Update - Phishing-as-a-Service Platform Offers MFA Bypass for $1,500

It is not unknown for criminal actors to purchase kits of malware or phishing tools to streamline the process of stealing credentials. What is new is the idea of “phishing as a service”, which is akin to purchasing a monthly subscription like popular streaming services.

For a fee, someone with malicious intent can subscribe to a service and receive a ready-to-go phishing package with statistics and updates all from one place. The most notable of these is Robin Banks, just appearing last March in 2022. 

Robin Banks is a phishing-as-a-service tool selling premade phishing kits to criminals wanting to access financial information. To create an account a user will need an email and password and can only pay in bitcoin. Robin Banks claims “24//7 support” and “access to future updates” for $50 a month with full access for $200 a month.  Once in, users are prompted to design a phishing kit, designing a scam that mimics a business of their choosing. Having been active for under a year, there have already been notable changes. 

Robin Banks Switches Providers 

Just months after the release of Robin Banks, cybersecurity research team IronNet investigated and wrote a report that left them scattered. Cloudflare, the original server hosting Robin Banks services dissociated following the release of the report. The service was down for multiple days and Robin Banks switched to Russian provider DDos-Guard. The new provider happens to be known for ignoring takedown requests, making it reliable in the eyes of threat actors. With the change, ironically the service known for stealing information is stepping up its own security by adding two-factor authentication.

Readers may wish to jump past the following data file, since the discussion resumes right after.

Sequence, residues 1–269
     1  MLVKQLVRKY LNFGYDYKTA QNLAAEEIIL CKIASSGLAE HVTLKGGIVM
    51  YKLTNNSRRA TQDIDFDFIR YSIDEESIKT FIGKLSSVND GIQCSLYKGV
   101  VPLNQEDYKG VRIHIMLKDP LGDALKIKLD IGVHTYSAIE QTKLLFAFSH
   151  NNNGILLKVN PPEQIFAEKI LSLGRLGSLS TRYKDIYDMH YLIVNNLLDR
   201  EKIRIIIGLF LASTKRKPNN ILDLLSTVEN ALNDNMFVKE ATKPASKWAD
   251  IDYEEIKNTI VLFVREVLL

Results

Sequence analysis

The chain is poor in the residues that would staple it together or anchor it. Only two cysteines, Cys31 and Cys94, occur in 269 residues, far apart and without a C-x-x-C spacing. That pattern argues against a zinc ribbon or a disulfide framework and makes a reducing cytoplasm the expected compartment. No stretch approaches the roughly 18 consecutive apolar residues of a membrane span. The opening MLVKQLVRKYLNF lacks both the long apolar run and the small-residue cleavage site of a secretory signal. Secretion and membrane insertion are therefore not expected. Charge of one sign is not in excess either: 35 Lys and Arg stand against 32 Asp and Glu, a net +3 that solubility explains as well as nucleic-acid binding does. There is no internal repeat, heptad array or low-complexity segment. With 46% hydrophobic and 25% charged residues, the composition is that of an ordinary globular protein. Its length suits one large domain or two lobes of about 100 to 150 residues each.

Two-Factor Infiltration

Multi-factor authentication (MFA) is becoming increasingly popular with nearly every major business in the last decade. Having an email or phone number to intercept password change requests and other crucial information has done well in protecting from malicious actors attempting to gain access to an account. 

Though very useful and encouraged, every company has their own variation and the success of protection dwindles as malicious hackers develop new ways to infiltrate. With their own two-factor authentication, Robin Banks has recently developed and offers a cookie-stealing feature for purchase. It uses Evilginx2, a open source framework designed to lure users to a phishing site extremely similar to official company web pages. The victim is connected to a phishing page with SSL certificates (encrypted link between a server and client) and when they log in their information is captured and sent to the phisher. Now that users' information is accessible to the hacker through Robin Banks without having to bother with two-factor. Robin Banks is offering this service for a steep $1,500 per month, much more than their previous $200 monthly fee for the rest of the service. 

Final Thoughts

Robin Banks is one of numerous phishing services to make money from desperate users of their own service and victims of the ones using their service. For their malicious intent they present themselves as a very proper business model and the newer two-factor bypass just made them a bit more valuable to its users willing to pay the hefty price. The exposure of this information is again a reminder of the importance of robust email security.